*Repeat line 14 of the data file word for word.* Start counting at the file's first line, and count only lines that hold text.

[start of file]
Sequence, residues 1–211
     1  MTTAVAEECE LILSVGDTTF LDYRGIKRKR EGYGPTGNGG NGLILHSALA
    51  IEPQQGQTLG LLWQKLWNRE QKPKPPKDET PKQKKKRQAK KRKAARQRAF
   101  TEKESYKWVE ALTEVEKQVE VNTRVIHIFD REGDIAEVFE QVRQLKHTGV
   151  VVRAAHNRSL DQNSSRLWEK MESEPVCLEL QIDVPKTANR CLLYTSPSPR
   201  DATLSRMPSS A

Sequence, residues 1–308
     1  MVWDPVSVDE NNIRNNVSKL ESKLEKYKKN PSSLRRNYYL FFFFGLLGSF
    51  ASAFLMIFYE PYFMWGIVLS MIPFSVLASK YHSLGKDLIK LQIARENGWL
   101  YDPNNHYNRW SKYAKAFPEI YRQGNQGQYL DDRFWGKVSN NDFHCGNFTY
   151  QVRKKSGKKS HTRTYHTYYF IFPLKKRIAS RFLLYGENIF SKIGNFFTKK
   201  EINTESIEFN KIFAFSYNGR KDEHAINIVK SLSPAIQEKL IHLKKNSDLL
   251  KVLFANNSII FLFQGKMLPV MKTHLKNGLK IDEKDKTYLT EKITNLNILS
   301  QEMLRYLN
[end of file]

   301  QEMLRYLN